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Reconstruction What it was like in the South…. Civil War 1861-1865.

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Presentation on theme: "Reconstruction What it was like in the South…. Civil War 1861-1865."— Presentation transcript:

1 Reconstruction What it was like in the South…

2 Civil War 1861-1865

3 The Civil War, 1861-1865 Fought between the United States and the Confederate States of America Caused primarily by Sates’ Rights and slavery in the Southern states and The United States defeated the Confederate States of America

4 Major questions following the Civil War 1.How to rebuild the South? 2.How to bring Southern states back to the United States? 3.How to bring former slaves into the United States as free people?

5 Radical Republicans Led by Thaddeus Stevens and Charles Sumner Abolitionists before the war Critical of Johnson’s Reconstruction Plan Determined to reform the country based on equal rights Civil Rights Act of 1866 “equal benefits of all laws enjoyed by white citizens” Tried to extend the freedmen’s bureau

6 Johnson’s Reconstruction Plan In order to rejoin the Union Southern state could rejoin the union once it had written a new state constitution. Elected a new state Government Repealed its act of secession Canceled war debts And ratified the 13 th Amendment What really happened Radical Republicans insisted Southern states must grant freedmen the right to vote Johnson denied this idea Would have an fierce battle for the election of 1866 Radical Republicans and congress would eventually take over Reconstruction

7 Congress and Reconstruction 1867 Reconstruction Plan Reconstruction acts Acts outline how the process for states to become part of union again South is divided into 5 military districts Each controlled by federal troops Election boards in each state would register male voters both black and white Only those who supported the Union Men who supported the confederacy where not allowed to vote Voters elected people to write new state constitution Voters elected state legislatures which were required to ratify the 14 th Amendment


9 Three Big Amendments 13 th Amendment Abolished all forms slavery in the USA forever 14 th Amendment Grants citizenship to all former slaves Right to due process Equal protection under the law 15 th Amendment “The right of citizens … to vote shall not be denied or abridged by the US or by any state on account of race, color or previous condition of servitude”

10 Voting and 1868 Newly registered cast first ballots in 1868 Freedmen and poor farmers 1 st time voting Most became Republicans Scary time to be a voter Threatened for voting Grant vs. Seymour White Southerners Poor famers get the vote Confederate supporters can’t vote Southern Democrats Loose badly, out numbered badly

11 Johnson and Grant President

12 Southern State Governments Voters choose delegates ¼ of delegates are African Americans who are elected Banned racial discrimination and guaranteed the vote for African Americans 1/5 of elected officials Republicans and Freedmen At first supported taxes on public schools Most schools were segregated even though that was against the law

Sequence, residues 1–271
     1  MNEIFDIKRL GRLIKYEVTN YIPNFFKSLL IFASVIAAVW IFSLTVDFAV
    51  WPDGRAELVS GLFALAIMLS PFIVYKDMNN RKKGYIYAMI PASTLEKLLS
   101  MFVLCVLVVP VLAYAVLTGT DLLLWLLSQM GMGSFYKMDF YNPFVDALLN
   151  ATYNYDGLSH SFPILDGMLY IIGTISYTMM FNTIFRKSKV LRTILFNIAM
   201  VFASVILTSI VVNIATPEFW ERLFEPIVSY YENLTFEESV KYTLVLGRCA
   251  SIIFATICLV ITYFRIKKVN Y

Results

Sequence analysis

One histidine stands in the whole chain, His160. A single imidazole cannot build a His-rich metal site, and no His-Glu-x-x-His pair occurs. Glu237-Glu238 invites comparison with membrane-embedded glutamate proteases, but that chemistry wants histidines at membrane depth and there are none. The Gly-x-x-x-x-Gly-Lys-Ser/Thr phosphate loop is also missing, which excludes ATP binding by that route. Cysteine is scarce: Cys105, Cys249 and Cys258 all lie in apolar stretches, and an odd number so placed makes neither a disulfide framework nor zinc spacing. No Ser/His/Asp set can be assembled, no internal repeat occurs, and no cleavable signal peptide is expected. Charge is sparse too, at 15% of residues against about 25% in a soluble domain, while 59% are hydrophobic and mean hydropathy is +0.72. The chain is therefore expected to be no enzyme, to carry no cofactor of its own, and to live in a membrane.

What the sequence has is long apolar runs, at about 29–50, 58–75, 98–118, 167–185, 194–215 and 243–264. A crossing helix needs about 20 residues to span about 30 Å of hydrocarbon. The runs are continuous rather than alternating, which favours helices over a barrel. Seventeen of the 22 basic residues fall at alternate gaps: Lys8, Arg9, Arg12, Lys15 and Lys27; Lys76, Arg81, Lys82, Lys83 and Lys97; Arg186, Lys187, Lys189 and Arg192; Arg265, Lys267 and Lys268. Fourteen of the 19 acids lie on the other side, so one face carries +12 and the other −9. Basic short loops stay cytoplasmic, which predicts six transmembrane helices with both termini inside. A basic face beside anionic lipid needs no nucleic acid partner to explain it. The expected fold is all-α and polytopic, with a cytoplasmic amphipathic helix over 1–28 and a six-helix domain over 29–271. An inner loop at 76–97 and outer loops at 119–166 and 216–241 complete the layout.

13 Rebuilding New Government  wanted to increase the economy Unfortunately $ that was suppose to go to roads and rebuilding fell into corrupt hands Industry and trade led to the rebirth of some southern cities most of the South still remained dependent on agriculture

14 Tenant Farmers Planters (owners of the land) divided their property into small plots that they rented to workers (tenant framers) who would grow crops on that land. Some cases tenant farmers would pay a share of their crop as rent instead of cash

15 Share Cropping Looked promising to both blacks and whites Hope was to work hard enough to earn enough money to eventually buy their own land Led instead to a life of debt Borrow money from land owner to buy the food, tools, and supplies they needed Never made enough money to ever pay back their debt

16 Life in the South for Blacks Good Travel Right to get married Pursue what use to be denied to them Education, reading, jobs, moving, land, politics Freedmen’s Bureau Assists former salves and poor whites living in the South Food, clothing, education and medical care Republicans and Politics Tuskegee Institute -1 st black College Bad Black Codes Restricts blacks freedom opportunities Spell out rights Ensures a workforce Maintains social order End of Reconstruction Democrats regain the south Poll taxes, literacy tests Jim Crow Laws Segregated black from whites “Separate but equal”

17 Resistance in the South Ku Klux Klan Created by white supremacists “opposed to negro equality, both social and political” Terrorized blacks and white republicans Included burning of school, attacks on the Freedmen’s Bureau, murder, lynching, etc. White Southern Democrats New Government illegal because so many confederate supporters couldn’t vote or run for office Raising taxes to pay for schools and other improvements Lost land because of taxes Didn’t accept the idea that slaves were free

18 Reconstruction Ends 1877 Southern states become more democratic Gains that blacks made in years passed become limited Northern states and people lose interest Jim Crow laws Segregation in the South Tuskegee Institute Amnesty- pardon of former Confederates Lynching's  KKK Plessey v. Ferguson

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